Repression and Isolation: Four Ways a Stolen Election has Changed Belarus


Main Image Credit Protest rally against Lukashenko, 16 August 2020. Courtesy of Raviaka Ruslan / Wikimedia Commons / CC BY-SA 4.0.


One year after Belarus was rocked by nationwide protests in the wake of a falsified election result, what does the country look like now?

It is a year since Belarusians flooded onto the streets in protest at an election stolen by a dictator, who has been in power now for 27 years. Human chains, mass demonstrations and factory strikes: Belarusians caught the world’s attention and surprised even themselves with the strength of feeling. A brutal crackdown followed, however. And if it was widely seen as an isolated dictatorship before, today Belarus is much worse.

Lukashenko has Lost Legitimacy

Large protests have accompanied elections before in Belarus, but the consensus had long been that President Alexander Lukashenko would win even if there could be a fair vote. The only independent polling consistently gave him a strong majority. Many Belarusians saw him as a guarantor of security and stability, but also didn’t believe there was a credible alternative worth voting for. In 2020, on both accounts that changed.

The events of last year created new leaders who captured the public’s imagination. Chief among them was the presidential candidate Sviatlana Tsikhanouskaya (now in exile), who decided to run after the arrest of her activist husband in May 2020. Whereas Lukashenko gave himself an unbelievable 80% of the vote, the civic initiative ‘Golos’ set out to establish the real result by collecting copies of thousands of ballot papers and individual polling station results. Golos concluded that against all the odds, Tsikhanouskaya won not only the most votes, but an absolute majority of at least 52%.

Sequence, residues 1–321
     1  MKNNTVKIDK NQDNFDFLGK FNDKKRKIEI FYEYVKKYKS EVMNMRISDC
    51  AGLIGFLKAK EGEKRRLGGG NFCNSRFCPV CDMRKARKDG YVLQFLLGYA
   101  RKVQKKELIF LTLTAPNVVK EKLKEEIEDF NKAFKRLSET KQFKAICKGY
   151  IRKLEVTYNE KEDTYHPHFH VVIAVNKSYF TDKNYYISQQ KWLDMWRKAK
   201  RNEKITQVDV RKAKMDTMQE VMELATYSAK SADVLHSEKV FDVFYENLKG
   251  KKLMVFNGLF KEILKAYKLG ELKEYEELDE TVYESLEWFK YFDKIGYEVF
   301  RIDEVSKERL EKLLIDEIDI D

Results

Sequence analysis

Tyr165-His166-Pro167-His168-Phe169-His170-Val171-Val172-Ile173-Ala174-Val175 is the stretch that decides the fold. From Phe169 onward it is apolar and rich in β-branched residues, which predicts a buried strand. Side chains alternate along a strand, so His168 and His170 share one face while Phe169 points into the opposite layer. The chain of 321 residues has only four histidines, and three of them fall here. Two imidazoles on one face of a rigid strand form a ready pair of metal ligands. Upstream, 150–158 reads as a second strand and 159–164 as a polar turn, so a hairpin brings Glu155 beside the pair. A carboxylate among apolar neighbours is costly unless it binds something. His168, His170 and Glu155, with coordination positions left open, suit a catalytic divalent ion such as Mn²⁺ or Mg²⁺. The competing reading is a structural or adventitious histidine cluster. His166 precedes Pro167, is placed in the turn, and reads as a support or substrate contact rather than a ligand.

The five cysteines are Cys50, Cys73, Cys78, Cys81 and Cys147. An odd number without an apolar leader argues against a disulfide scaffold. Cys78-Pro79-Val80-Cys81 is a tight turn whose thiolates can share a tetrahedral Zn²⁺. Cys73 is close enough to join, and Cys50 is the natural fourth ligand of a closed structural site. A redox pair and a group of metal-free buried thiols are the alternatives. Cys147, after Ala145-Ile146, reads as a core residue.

Not only did Lukashenko steal the election, he subsequently ordered the arrest and torture of thousands who tried to peacefully protest the result. Accounts of the violence are horrifying: women pulled by their hair and threatened with rape; men held in stress positions and electrocuted; and relentless beating. Countless photos of bruised bodies flooded social media in the days after the election and for the first time, people previously uninterested in politics felt this could happen to them. A line had been crossed.

Lukashenko’s irredeemable loss of legitimacy was visible in the huge demonstrations across Belarus that started in August and continued for months. Peaking at an unprecedented 200,000 people, even factory workers and pensioners – previously seen as loyal regime supporters – joined in large numbers.

Unprecedented Political Repression

Under the Lukashenko regime, civil society and opposition activists have always worked in a very restrictive environment where surveillance, censorship and the risk of arrest is a part of life. But in response to the protests, repression has been escalated to a new level, aiming to uncompromisingly crush dissent. If he cannot rule by popular consent, Lukashenko must rule by fear.